Ward said the Port has come up with other ways to “give Mr. Silverstein the ability to build a rational amount of office space while protecting scarce public resources for the public projects on the site,” in reference to the memorial and the pricey train station, whose costs have reportedly risen to over $4 billion.

Silverstein is accusing the Port of numerous violations to the W.T.C. schedules set in their 2006 Master Development Agreement and says these delays preparing the tower sites forced him to wait until the credit squeeze hit before he could try and get loans. He points to a Lower Manhattan Development Corp. report a few months after the agreement was signed that concluded that almost all of the W.T.C. timetables were hopelessly unrealistic. The Port did not come up with a new timetable until last fall — a year and a half after the L.M.D.C. warnings.

The new schedule is also unrealistic according to Silverstein who says the Port will have to delay many key infrastructure components including the Greenwich St. sidewalks that are supposed to form entrances to the office towers.

The Port maintains it will be able to meet the new schedule, and disputes that any of the delays have led to Silverstein’s money troubles.

“Where was the economic climate on Dec. 31, 2008,” one Port official asked, referring to the date it was supposed to turn over the Tower 2 site.

Silverstein, in a letter to the governors, the mayor and Silver, said he has offered a “significant amount of cash equity” in the project and would “give the Port Authority a substantial share of the equity in the buildings, so when there is a profit in the future, the agency will get a lot of the upside.”

He criticized the Port for being willing to wait 30 years to rebuild the site fully. He said even under the agency’s “unprecedented doomsday scenario” of a 14-year time period to lease the buildings, the Port would be risking $300- $400 million under his offer, but under any realistic estimates there would be no risk. Even if Silverstein Properties defaulted on the loans, the firm feels the Port would still make out well because it would take possession of valuable assets in the form of modern green office buildings.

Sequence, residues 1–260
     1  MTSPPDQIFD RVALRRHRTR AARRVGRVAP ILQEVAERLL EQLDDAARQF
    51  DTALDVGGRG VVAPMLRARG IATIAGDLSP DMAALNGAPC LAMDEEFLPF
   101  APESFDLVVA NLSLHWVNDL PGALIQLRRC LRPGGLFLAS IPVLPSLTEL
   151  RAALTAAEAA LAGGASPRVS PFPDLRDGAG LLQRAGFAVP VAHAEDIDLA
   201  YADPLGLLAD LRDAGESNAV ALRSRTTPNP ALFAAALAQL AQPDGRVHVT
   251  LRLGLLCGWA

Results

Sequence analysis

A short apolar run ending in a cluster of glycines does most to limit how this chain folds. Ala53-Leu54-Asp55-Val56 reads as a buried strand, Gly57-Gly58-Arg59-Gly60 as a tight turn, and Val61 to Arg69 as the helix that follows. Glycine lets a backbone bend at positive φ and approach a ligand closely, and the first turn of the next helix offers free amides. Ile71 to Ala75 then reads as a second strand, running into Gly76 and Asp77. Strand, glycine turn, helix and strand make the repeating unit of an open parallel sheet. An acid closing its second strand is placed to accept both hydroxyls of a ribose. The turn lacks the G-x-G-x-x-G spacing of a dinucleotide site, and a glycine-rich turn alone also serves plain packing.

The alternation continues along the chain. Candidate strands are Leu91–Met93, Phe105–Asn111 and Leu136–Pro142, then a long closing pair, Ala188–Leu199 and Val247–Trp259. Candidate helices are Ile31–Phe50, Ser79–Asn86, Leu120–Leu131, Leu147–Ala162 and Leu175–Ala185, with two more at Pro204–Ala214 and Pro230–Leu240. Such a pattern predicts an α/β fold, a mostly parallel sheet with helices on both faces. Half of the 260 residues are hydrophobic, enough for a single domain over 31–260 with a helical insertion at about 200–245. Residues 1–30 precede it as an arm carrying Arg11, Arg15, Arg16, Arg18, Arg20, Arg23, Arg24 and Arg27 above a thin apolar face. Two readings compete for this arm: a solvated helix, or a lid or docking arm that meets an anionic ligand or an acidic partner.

Monday started a 10-day period where the two sides are required to meet twice before deciding whether either wants to go to arbitration. Silverstein proposed letting the mediating parties — the governors, mayor and the speaker — join in the pre-arbitration talks because there is little chance of progress without them.

Steve Sigmund, a Port spokesperson, said he didn’t understand the reason for involving the mediators in the arbitration talks because they will be about a different subject. The mediation is about how and when to finance the towers, and arbitration will be about whether the Port has violated the 2006 development agreement.

“This dispute notice is unrelated to the office towers,” Sigmund said in a telephone interview. The Port remains ready to go back to the mediation table, he added.

Sigmund said the Port continues to build the memorial, the train station and Tower 1, and that delays are not a problem.

“The entity that is making progress on the site every day … is the Port Authority,” he said.

He said he would make the same statement about Silverstein Properties’ work on Tower 4.

“They’re doing well on Tower 4,” Sigmund said. “We hope it continues. They could start building Tower 3 and 2 tomorrow if they had the financing.”

Sigmund said although the Port has not finished preparing the Tower 2 and 3 sites, Silverstein could begin initial work. The firm disputes the point, and says it is not even allowed to be on the sites.

At the end of last year, the Port claimed it had finished preparing the Tower 2 and 4 sites, but an arbitrator ruled that was not true since the agency left a 200-foot wall on the Tower 4 site. In January, Ward acknowledged in an interview with Downtown Express that officials may have been “overly aggressive” in asserting that Silverstein could work around the wall.

That dispute was straightforward and was resolved quickly. This one is likely to take longer since it involves a myriad of issues that cover three years of action and inaction on many of the different W.T.C. projects.

The dispute has left many Downtowners wondering what will happen next. Community Board 1 has not taken a position on the issue, although a few board members like Barry Skolnick remain skeptical of giving additional money to a private developer.

“I don’t believe in spending public money on speculative private interests,” he said.

With reporting